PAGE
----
Wednesday, November 11, 2015

With The Old Breed
It was a drizzly Saturday in the early 1980s and THC was running errands when he decided to stop by the library in the Boston suburb of Needham where he and Mrs THC made their home.  This was back in the days when libraries still had books and Needham had a very good library.  THC liked wandering through the stacks and checking out the New Books section, which is exactly what he did that day.

He noticed a hard cover book called With The Old Breed: At Peleliu And Okinawa by EB Sledge.  He'd not heard of it but looking at the blurbs and thumbing through it THC realized it was a World War II combat memoir.  While THC loves history and reads quite a bit about WWII he usually stayed away from combat memoirs because so many were poorly written, but for some reason he was intrigued by the book and took it home.  Once he reached the section describing the landing at Peleliu he realized he was reading something extraordinary.  He's reread it three times since then.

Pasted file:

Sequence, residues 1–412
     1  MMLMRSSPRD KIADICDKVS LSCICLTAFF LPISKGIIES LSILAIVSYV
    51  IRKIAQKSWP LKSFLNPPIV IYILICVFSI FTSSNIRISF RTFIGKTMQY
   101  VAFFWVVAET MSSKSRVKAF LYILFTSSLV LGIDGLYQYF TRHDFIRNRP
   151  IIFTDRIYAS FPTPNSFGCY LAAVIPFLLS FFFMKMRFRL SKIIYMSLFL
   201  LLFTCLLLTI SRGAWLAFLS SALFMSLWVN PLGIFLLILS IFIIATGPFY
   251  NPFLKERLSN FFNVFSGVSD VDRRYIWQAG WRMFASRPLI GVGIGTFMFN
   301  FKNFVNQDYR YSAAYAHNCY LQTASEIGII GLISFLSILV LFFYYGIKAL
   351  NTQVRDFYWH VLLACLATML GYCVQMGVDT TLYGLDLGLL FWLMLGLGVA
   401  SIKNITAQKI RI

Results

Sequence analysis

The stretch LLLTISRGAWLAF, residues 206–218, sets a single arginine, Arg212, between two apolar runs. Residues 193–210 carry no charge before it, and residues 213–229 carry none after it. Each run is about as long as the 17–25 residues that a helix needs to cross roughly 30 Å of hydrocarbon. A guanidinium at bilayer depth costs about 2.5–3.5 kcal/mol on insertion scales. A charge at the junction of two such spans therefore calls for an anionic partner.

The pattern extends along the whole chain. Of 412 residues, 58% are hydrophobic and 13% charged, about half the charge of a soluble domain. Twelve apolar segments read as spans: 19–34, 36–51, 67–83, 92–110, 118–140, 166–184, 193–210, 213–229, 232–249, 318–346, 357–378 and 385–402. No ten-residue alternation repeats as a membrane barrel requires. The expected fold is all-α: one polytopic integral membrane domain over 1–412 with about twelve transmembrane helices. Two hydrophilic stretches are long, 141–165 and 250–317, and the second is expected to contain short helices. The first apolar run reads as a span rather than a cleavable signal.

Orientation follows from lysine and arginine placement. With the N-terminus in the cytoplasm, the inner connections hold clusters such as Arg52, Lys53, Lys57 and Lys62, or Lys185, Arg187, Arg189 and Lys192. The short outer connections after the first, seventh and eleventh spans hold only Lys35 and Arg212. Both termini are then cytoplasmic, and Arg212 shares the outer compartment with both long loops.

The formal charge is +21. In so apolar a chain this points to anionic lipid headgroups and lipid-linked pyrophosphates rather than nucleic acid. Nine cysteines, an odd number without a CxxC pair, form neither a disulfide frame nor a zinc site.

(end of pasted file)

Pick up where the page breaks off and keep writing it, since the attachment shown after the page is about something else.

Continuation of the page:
With The Old Breed is today widely considered by historians and veterans the best combat memoir of the war in the Pacific and the author's tale became one of three around which Tom Hanks and Steven Spielberg built The Pacific, their 2010 HBO mini-series.

The book should be required reading in every high school in America.

Eugene Sledge was nineteen years old when he volunteered for the Marine Corps in December 1943.  The quiet, shy Alabamian from a fairly well to do background deliberately flunked out of a officer training program so he could more quickly get to war, which he did as a private in the First Marine Division, serving as a 60mm mortarman during the campaigns on the islands of Peleliu (Sept-Oct 1944) and Okinawa (April-June 1945).  Of the 235 men in his company who landed on Peleliu only 85, including Sledge, were still with the unit at the end.  At Okinawa, 65 of the original company participated in the initial landing, 26 of whom were still in the ranks at the end (including several wounded who had returned to duty).  Eugene Sledge was part of that small band, having survived both campaigns unwounded. Sledge, 1945 from encyclopedia of alabama)

Returning to Alabama after the war, he enrolled at Auburn, finding his calling when after telling his father he could no longer hunt after what he experienced during the war, his father suggested he take up bird watching.  He eventually became a Professor of Biology at Alabama College, remaining a popular teacher until his death in 2001. Sledge, 1990s, from